Greenville Road Warriors

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Greenville Road Warriors
2014–15 ECHL season
Greenville Road Warriors logo.svg
City Greenville, South Carolina
League ECHL
Conference Eastern Conference
Division South Division
Founded 1988
Home arena Bon Secours Wellness Arena (Formerly the Bi-Lo Center)

midnight blue, copper, white, silver

Owner(s) Fred Festa
General manager Chris Lewis
Head coach Dean Stork
Affiliates New York Rangers (NHL)
Hartford Wolf Pack (AHL)
Franchise history
1988–2010 Johnstown Chiefs
2010–present Greenville Road Warriors

The Greenville Road Warriors are a professional ice hockey team located in Greenville, South Carolina. The team is a member of the ECHL and play their home games at the Bon Secours Wellness Arena in downtown Greenville.[1] The franchise had previously played as the Johnstown Chiefs from the ECHL's inception in 1988 until the team's relocation in 2010. The Road Warriors are the second ECHL franchise to play in Greenville, as the city hosted the Greenville Grrrowl from 1998 until 2006.[2] The team is currently affiliated with the New York Rangers of the National Hockey League and the Hartford Wolf Pack of the American Hockey League.

Team history[edit]

Johnstown Chiefs (1988–2010)[edit]

Main article: Johnstown Chiefs

The Johnstown Chiefs were one of five franchises that founded the East Coast Hockey League in 1988. Johnstown's initial owners had wanted to name the team the Jets in reference of a previous franchise that had played in various leagues from 1950 until 1977. However, the original Johnstown Jets owners owned the name and refused to allow the ECHL franchise to use it. The owners of the ECHL franchise instead decided to name the team the Chiefs in reference to the Charlestown Chiefs from the ice hockey movie Slap Shot which was filmed in Johnstown.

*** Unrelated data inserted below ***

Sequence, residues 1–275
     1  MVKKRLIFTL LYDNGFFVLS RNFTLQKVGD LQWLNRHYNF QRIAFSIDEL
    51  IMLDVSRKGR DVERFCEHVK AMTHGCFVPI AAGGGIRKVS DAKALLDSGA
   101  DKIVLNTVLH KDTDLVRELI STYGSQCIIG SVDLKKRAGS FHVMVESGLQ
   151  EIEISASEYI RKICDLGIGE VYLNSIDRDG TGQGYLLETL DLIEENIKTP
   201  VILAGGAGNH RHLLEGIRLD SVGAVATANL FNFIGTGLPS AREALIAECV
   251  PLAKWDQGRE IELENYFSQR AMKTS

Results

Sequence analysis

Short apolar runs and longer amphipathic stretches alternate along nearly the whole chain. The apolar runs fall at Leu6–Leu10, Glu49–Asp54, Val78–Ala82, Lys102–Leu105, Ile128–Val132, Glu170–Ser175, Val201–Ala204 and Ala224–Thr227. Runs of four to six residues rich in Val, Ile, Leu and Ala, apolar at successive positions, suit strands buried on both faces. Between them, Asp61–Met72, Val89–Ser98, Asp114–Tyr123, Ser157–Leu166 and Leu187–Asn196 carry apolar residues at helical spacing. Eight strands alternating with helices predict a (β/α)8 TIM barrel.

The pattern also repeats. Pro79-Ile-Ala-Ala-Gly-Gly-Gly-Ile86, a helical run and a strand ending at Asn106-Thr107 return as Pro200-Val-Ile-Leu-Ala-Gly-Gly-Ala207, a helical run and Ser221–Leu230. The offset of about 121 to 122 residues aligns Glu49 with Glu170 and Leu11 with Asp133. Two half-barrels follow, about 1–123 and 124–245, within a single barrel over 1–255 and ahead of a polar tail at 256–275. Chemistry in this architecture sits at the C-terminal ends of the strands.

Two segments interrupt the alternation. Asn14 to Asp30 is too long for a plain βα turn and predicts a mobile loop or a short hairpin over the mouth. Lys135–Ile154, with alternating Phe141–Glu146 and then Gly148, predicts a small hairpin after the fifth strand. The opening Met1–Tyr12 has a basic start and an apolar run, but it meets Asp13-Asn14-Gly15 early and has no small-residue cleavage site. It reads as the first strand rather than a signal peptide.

The Chiefs played their home games at Cambria County War Memorial Arena in Johnstown for all 22 of their seasons in the ECHL. In the inaugural season of the team and the ECHL, Johnstown finished second in the regular season standings and were the runner-ups in the inaugural Riley Cup finals, losing to the Winston-Salem Thunderbirds 4 games to 3. Although the Chiefs had played in the ECHL for 22 seasons, they had never won a division, conference, Brabham Cup or Riley/Kelly Cup title. Throughout Johnstown's history, the club had affiliation agreements with the Boston Bruins, Colorado Avalanche, Columbus Blue Jackets, Minnesota Wild and Pittsburgh Penguins.

The Chiefs would flounder for several years as the owners of the team tried to find local ownership for the team, but failed. After losing a reported $100,000 per year and facing an expensive rent posted by the War Memorial Arena's new owners, the Chiefs started to listen to offers to relocate the team.

Relocation to Greenville's Bi-lo Center[edit]

On February 13, 2010, the Tribune-Democrat reported that television reports from Greenville stated that the Chiefs would be relocated to Greenville following the 2009-10 season and compete at the BI-LO Center.[1] Two days later the Tribune-Democrat confirmed previous reports that the Johnstown Chiefs would relocate to Greenville, pending approval by Greenville's arena board and the ECHL's Board of Governors.[2] On February 15, 2010, the Greenville Arena District Board announced that they had agreed to a five-year deal to bring the Johnstown Chiefs to Greenville's Bi-Lo Center. The importance of the new Greenville team financially helps the two nearby teams in the ECHL that had lost a rival (Charlotte) to the AHL for the upcoming season; the Gwinnett Gladiators via Interstate 85, and the South Carolina Stingrays (Charleston) via Interstate 26 through Interstate 385. While Gwinnett is the closer rivalry, the Charleston rivalry is an in-state rivalry and the older, more established rivalry (ninth season versus sixth season).

Cincinnati Cyclones assistant coach Dean Stork was named the franchise's first head coach on June 29, 2010.


  1. ^ a b Mastovich, Mike (February 13, 2010). "Rumors continue about Chiefs relocation". Tribune-Democrat. Retrieved February 14, 2010. 
  2. ^ a b Mastovich, Mike (February 15, 2010). "Chiefs plan to move franchise to South Carolina". Tribune-Democrat. Retrieved February 16, 2010. 

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